After the Ottomans declared Istanbul as their capital, they quickly grew and ruled an empire spanning three continents. During the Ottoman period, the city continued to be called Constantinople for a long time. It is believed that the name Istanbul derives from Stanpoli, which means city centre.
5. Modern Turkey
After the Treaty of Karlowitz in 1699, the Ottoman Empire continued to decline for several hundred years. A few Sultans attempted to rebuild the empire by making reforms to ultimately catch up to Europe. However, their efforts were not enough to save the empire.
The Ottomans lost their human resources in the wars and could not find the opportunity to catch up with the West in terms of technology. In the 19th century, the economy began to fail and the World War I ultimately consumed them.
As Istanbul was under heavy assault from enemy invasion, Mustafa Kemal Ataturk (a former Ottoman general) pushed for independence at the Grand National Assembly of Turkey (TBMM) that was founded in Ankara.
The Turkish War of Independence after WWI lasted 4 years (between 1919 and 1923). After the war was won, the Republic of Turkey was established on 29 October 1923.
The capital was then moved to Ankara and Istanbul lost its title as a capital. However, it’s still one of the most important cities in Modern Turkey and has been transformed into an attraction due to its deep history.
In this article, I briefly shared the history of Istanbul. If you want to read more specific articles about the history of Istanbul and focus on a certain period, I can recommend two articles:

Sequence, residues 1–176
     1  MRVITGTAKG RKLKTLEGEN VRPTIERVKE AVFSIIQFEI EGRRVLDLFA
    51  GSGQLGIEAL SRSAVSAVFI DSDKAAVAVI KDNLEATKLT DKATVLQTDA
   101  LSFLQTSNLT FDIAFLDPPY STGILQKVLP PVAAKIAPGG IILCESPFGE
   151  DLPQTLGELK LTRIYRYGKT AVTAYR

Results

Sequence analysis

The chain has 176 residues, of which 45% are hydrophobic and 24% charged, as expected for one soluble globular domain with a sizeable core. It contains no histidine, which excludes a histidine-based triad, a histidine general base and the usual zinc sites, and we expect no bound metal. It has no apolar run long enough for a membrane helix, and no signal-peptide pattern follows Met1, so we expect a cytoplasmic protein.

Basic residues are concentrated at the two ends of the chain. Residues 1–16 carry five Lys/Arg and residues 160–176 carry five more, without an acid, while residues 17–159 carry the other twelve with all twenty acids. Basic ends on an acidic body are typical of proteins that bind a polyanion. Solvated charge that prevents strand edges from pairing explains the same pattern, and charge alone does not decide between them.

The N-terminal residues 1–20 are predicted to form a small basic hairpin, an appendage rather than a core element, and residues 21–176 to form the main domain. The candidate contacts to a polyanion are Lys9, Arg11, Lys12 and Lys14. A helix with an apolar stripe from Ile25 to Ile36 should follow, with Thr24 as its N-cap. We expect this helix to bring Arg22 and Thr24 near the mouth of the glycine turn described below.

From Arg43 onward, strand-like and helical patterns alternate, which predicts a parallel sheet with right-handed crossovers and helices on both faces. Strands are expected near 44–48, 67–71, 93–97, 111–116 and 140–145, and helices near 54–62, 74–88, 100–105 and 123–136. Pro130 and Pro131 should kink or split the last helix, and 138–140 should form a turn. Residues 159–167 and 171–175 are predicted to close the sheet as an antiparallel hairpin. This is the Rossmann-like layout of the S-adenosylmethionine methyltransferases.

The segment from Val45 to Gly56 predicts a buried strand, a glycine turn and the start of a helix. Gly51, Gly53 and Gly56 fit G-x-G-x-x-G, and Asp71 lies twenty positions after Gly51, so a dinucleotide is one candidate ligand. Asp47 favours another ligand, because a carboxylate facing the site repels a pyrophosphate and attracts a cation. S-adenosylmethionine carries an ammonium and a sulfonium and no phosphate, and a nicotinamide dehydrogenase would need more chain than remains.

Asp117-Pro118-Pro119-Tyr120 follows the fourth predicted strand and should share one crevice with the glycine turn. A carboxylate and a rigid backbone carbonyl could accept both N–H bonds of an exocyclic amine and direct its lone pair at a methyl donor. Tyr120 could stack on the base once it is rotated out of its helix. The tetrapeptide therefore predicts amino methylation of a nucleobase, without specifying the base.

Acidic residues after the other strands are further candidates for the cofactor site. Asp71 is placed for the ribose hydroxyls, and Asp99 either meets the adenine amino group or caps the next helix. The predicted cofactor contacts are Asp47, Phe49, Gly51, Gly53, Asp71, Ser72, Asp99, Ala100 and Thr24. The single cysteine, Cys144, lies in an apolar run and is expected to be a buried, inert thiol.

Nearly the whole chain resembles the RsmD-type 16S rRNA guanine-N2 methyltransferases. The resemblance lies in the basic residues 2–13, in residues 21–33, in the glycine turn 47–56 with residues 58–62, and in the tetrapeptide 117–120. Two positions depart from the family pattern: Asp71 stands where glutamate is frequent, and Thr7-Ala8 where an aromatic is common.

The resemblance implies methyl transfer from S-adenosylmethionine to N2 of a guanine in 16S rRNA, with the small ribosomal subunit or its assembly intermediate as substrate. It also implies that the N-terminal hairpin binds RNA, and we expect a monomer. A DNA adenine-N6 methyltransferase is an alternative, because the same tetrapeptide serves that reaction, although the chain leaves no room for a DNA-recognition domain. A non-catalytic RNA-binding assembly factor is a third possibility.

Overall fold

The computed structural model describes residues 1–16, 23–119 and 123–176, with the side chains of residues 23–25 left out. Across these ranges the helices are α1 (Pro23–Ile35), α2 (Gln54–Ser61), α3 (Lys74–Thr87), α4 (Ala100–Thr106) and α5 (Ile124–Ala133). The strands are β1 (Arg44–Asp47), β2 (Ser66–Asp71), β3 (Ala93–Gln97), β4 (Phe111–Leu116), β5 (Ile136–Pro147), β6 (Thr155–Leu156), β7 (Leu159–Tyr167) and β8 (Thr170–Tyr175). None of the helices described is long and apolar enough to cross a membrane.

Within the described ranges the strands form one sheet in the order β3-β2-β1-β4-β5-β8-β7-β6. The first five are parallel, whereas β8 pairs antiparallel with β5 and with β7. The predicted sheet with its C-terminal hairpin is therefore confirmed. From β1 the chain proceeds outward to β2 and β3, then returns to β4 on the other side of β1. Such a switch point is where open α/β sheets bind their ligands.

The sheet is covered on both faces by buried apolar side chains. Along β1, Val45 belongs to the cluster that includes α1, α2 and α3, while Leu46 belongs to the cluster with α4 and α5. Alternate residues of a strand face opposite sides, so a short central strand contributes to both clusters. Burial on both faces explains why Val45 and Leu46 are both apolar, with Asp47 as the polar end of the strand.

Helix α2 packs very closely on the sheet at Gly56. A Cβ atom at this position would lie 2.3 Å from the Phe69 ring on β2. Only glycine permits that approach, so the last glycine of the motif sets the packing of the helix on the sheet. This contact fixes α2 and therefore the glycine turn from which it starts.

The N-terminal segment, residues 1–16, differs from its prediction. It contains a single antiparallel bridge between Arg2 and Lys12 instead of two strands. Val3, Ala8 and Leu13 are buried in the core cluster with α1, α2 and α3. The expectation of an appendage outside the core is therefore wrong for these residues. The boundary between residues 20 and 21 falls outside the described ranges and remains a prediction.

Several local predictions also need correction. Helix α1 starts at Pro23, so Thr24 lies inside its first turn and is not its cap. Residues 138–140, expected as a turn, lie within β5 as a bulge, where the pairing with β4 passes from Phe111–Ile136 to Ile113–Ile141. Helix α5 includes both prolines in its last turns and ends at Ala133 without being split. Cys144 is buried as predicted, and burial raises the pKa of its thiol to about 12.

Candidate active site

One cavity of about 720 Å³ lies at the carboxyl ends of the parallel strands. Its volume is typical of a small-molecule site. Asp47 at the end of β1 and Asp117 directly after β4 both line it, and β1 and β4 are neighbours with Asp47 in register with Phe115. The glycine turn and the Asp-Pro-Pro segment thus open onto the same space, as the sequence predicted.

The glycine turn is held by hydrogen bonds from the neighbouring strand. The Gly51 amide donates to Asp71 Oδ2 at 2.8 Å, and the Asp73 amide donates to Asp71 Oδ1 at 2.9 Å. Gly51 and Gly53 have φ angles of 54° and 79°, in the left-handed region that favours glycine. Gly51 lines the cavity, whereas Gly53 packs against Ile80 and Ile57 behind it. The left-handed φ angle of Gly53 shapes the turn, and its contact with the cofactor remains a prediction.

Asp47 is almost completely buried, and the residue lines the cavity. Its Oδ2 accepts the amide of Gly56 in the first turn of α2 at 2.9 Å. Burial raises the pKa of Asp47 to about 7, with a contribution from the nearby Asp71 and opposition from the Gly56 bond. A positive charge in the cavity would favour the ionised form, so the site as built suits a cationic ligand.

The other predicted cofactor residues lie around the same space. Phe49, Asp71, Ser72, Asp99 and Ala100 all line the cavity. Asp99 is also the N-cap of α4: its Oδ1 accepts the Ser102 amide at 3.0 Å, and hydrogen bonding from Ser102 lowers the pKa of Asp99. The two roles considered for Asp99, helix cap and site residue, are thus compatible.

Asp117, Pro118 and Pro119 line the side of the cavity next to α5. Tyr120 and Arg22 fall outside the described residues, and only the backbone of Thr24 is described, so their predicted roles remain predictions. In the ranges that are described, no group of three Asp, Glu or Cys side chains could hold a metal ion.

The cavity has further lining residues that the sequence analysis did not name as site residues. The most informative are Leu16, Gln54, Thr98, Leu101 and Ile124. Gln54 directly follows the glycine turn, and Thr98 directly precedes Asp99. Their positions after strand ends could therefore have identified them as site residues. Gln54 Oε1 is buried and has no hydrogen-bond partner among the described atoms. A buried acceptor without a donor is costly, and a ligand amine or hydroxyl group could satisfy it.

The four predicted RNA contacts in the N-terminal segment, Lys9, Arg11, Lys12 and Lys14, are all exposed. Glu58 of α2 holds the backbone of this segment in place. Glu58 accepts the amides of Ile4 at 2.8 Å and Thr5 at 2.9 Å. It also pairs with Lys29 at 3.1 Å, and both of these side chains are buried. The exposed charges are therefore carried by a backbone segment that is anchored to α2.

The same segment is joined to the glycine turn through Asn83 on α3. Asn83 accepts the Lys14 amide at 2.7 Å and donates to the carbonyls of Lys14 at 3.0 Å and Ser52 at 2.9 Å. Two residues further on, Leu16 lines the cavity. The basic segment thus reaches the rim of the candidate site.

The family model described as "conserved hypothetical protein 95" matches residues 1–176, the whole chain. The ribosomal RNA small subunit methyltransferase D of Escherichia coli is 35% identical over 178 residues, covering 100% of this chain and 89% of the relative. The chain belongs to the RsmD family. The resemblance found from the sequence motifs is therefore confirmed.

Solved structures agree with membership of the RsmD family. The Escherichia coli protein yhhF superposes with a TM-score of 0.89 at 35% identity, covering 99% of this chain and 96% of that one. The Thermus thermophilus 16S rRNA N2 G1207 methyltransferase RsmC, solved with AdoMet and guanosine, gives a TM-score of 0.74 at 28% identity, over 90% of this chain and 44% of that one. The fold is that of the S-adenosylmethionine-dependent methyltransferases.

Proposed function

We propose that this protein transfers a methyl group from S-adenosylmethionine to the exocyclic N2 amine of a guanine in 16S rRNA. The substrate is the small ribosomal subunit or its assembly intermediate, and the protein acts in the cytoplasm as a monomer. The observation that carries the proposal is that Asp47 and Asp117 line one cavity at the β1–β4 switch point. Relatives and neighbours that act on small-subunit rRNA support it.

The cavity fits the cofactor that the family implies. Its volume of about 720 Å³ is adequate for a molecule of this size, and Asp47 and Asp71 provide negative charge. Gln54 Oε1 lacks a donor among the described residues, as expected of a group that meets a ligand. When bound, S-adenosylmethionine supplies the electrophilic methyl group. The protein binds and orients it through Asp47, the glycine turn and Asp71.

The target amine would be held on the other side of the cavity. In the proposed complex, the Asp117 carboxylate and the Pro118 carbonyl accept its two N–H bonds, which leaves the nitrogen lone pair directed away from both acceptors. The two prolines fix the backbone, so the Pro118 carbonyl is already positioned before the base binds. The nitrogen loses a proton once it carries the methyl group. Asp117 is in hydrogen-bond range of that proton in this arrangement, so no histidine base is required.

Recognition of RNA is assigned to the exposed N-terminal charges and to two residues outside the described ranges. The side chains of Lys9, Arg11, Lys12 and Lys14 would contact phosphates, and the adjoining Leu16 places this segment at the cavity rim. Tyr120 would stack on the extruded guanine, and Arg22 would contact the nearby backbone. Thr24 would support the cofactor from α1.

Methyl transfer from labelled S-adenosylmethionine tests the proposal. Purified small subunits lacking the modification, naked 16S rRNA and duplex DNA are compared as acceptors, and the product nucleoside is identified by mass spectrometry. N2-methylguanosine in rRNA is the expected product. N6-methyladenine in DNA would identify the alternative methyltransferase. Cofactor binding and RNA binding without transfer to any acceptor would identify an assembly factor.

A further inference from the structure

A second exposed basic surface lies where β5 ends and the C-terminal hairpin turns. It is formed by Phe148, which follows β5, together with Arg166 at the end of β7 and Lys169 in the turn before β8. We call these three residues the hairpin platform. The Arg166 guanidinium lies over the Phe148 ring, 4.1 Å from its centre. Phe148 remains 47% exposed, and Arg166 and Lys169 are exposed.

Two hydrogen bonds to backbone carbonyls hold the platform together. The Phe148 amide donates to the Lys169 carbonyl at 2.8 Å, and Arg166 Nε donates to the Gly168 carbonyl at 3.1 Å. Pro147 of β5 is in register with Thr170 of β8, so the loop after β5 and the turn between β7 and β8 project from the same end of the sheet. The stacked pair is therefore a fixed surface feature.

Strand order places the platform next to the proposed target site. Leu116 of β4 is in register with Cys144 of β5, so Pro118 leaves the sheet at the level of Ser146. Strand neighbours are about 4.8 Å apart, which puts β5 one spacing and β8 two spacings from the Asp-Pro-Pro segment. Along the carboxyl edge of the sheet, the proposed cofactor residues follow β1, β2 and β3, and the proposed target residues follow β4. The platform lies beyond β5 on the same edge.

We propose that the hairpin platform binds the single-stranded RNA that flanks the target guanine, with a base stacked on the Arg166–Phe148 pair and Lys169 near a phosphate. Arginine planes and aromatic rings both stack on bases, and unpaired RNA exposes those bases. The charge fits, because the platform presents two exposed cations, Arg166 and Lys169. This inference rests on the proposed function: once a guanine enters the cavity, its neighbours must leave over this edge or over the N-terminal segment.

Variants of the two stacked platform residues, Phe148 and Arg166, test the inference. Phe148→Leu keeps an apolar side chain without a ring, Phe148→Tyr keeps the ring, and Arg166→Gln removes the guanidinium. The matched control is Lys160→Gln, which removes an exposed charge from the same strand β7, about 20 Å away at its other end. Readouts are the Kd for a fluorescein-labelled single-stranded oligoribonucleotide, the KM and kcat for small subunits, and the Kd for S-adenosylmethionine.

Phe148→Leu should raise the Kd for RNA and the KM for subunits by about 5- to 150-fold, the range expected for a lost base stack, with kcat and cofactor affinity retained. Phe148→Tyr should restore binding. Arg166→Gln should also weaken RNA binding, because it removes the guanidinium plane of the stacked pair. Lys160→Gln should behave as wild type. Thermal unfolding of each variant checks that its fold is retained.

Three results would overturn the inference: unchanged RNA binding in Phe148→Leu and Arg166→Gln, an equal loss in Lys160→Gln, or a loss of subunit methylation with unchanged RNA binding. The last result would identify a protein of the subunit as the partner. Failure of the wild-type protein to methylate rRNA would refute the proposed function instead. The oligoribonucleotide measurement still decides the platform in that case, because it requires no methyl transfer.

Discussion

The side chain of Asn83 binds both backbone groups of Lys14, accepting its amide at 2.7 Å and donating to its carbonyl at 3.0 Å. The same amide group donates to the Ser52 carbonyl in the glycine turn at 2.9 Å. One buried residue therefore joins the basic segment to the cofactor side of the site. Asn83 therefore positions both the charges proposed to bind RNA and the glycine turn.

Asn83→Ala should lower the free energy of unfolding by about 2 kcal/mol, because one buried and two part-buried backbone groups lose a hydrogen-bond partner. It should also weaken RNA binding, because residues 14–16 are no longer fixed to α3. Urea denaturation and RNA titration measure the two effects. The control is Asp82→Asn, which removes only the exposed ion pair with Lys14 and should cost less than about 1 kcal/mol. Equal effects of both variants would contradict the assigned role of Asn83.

For example, The Story of Byzantine Constantinople tells the history of the city in the Roman (and Byzantine) period (330-1453). The Story of Ottoman Istanbul, on the other hand, describes the period when the city was under the rule of the Ottoman Empire (1453-1923).
Written by Serhat Engul
Excelente. Felicitaciones Sr Engul
Serhat Engul says
Hola Chela, gracias por tu amable reseña.
Yasser Javed says
Ma sha Allah
Indebted to you for such a beautiful information…
I recently visited Istanbul it has indeed a sublime glory in history…
Serhat Engul says
Dear Yasser, thank you for your nice review.
Hi there! Nice work. I think there is an error in the first.. “Athens and allies” should be green; “Sparta and allies” should be orange (?).
Serhat Engul says
Hi Nik, thank you very much for your contribution. I got this map from an anonymous source to enrich the narrative. However, I had not noticed this error in the coloring. I will edit and re-add as soon as possible.